Suilven is a prominent mountain in Assynt and anyone who has been to the area should recognise it's shapely profile. On a mountain photography trip back in March, aiming to capture the area, I made the arduous but fun 12 mile trek (round trip) with a overnight camp. My legs were already tired from a mountain climb the previous night up Sgorr Tuath but with an unpromising forecast for further into the week it was then or never. I could never have expected waking up to a full-on cloud inversion though, with no signs in the forecast. I have never shot out of bed so quickly, dashing back to the summit to overlook my tent just sticking out of the mist. It was just one of them moments where you knew you had lucked out but also felt very special to be there. Once the photos had been taken I had to just sit and watch the cloud swirl and appreciate what was going off around me.
Sony A7R, with a 16-35mm F4, f/11, 1/125 sec, ISO 100, 35mm, 3 exposures blended at 3 stops apart.
Winner of the Trad Climbing category: A Mournes classic, Parallel Lines (HVS 5a) at the Devil's Coachroad by Craig Hiller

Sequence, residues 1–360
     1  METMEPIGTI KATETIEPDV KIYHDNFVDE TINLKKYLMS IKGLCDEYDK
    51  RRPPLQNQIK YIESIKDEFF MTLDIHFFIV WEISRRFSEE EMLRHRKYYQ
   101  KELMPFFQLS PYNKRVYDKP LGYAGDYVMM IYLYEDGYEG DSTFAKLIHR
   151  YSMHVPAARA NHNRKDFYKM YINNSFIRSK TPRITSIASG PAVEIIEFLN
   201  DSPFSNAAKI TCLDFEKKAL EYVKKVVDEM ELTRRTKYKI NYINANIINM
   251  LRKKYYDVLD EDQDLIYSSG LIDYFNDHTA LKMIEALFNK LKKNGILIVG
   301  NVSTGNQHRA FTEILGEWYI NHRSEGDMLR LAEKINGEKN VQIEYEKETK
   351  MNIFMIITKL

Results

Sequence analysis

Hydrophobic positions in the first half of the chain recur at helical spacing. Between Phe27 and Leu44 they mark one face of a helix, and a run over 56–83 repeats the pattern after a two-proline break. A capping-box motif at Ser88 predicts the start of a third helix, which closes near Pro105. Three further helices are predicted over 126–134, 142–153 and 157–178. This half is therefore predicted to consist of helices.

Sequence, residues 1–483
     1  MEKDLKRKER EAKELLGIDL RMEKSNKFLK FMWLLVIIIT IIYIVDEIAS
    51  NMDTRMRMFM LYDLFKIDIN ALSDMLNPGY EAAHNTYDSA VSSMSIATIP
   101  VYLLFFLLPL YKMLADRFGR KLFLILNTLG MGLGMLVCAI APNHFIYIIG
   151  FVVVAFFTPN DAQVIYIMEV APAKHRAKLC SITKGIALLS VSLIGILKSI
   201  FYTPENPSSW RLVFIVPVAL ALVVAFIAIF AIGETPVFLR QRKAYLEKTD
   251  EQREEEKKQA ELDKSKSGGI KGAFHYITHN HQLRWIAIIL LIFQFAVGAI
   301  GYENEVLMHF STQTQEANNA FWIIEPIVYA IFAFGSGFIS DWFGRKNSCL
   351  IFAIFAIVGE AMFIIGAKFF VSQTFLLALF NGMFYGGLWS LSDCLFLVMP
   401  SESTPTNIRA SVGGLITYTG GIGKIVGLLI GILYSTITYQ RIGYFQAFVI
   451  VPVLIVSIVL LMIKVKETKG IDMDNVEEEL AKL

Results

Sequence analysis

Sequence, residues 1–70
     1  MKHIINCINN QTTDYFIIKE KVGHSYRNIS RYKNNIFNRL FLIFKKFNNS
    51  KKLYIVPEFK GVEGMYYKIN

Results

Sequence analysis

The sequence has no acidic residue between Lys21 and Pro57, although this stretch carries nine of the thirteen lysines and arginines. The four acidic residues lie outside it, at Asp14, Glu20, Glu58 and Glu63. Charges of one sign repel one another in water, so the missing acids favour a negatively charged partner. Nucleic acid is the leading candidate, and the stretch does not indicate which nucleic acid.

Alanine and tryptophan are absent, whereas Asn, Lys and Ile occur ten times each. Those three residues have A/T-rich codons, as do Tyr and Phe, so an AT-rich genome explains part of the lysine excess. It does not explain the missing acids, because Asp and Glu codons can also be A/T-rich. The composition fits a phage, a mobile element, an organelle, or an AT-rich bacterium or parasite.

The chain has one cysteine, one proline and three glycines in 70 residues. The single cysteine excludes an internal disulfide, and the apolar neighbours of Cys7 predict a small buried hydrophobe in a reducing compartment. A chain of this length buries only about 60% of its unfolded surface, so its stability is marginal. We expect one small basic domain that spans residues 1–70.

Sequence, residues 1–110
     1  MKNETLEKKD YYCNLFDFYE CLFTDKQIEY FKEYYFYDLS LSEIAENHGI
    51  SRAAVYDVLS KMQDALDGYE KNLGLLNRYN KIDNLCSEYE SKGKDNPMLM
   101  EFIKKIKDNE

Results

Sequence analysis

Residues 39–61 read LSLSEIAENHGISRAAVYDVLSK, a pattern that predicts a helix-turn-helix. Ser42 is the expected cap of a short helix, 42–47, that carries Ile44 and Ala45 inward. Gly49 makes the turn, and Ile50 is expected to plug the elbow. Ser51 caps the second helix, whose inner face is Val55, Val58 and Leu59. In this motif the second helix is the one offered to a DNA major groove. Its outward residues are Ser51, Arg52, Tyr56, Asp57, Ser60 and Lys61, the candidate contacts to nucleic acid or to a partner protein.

It was a beautiful October day in the Mournes and with the rising sun, the temperature was pleasant. The aim of the day was to film my friend Jonny Parr for a local media company who were documenting his work as a rock climbing instructor for a tv series following different people in and around the Mourne Mountains.
This was the autumn shoot and my plan was to get some footage of a classic route on a big dramatic mountain crag. They wanted wide shots so my obvious choice was the large granite bulk of Slieve Beg with its commanding position at the head of the Annalong Valley. I already had an idea for composing a shot of a climber on the classic HVS, Parrallel Lines.
I had climbed the route many years prior to this and always wanted to get back to capture it on camera. The route is situated on a 50m slab in a huge eroded gully known as 'The Devil's Coachroad' and with a grand backdrop of Slieve Donard, it is certainly a dramatic mountain scene. I took a tripod and attempted to steady it in the crumbly gully floor and let the guys climb away at their own pace.
I took multiple clips of footage and in between fired off some stills when Jonny was in a good position. A great day with footage in the can and stills as a bonus! Thanks to Eamon Quinn for the ever-reliable belaying and Dave Buchannan for the extra banter!